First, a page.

Destinations Magazine

Clearing Customs

By Stizzard
Clearing customs

SERHAN TURKOGLU stands outside one of Istanbul’s many visa-application bureaus, clutching his flight and hotel bookings, travel insurance, proof of employment, social-security registration, recent salary slips and bank statements, and a vehicle license. Mr Turkoglu, an accountant, needs all of this simply to secure a holiday visa to Spain. For his next European holiday he will have to go through the whole rigmarole again. “It makes you feel like a second-class citizen,” he says.

Turkish diplomacy towards the European Union is focused on obtaining visa-free travel. It is easy to see why. Turkey has been negotiating to accede to the EU for more than a decade; it is the only candidate country whose citizens still need visas to enter the bloc’s Schengen area. Peruvians, Malaysians and Mexicans, by contrast, no longer need visas to travel there.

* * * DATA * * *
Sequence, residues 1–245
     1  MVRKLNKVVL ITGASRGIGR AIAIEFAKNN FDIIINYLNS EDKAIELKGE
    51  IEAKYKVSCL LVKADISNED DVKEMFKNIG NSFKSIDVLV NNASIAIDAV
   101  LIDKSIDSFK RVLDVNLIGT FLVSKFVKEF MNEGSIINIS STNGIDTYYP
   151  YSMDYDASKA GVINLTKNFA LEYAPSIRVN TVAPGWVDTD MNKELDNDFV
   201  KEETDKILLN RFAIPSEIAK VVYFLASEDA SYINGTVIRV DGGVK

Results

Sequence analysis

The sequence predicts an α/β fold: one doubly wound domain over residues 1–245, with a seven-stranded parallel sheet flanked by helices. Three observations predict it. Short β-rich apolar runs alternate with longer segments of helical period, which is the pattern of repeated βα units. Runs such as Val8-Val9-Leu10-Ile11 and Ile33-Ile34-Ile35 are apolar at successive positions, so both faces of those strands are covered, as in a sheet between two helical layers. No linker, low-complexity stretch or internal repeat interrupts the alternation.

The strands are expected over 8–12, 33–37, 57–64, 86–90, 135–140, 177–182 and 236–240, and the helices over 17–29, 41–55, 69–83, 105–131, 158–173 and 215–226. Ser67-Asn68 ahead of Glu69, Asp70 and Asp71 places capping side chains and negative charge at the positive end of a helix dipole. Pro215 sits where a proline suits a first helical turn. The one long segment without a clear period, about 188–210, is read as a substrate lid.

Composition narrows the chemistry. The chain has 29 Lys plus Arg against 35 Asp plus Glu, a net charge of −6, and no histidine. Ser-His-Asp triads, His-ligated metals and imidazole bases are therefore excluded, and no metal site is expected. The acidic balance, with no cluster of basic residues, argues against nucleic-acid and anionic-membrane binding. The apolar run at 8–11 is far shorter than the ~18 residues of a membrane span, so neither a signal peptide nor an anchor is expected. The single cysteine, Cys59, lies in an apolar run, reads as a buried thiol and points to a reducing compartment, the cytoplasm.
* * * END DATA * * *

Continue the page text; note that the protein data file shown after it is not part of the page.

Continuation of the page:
Europe’s panic in the face of mass migration from the Middle East has provided Turkey with a new opening. In March, in exchange for a pledge to re-admit thousands of migrants deported from Greece, the EU offered Recep Tayyip Erdogan, the country’s president, €6 billion ($ 6.8…

The Economist: Europe

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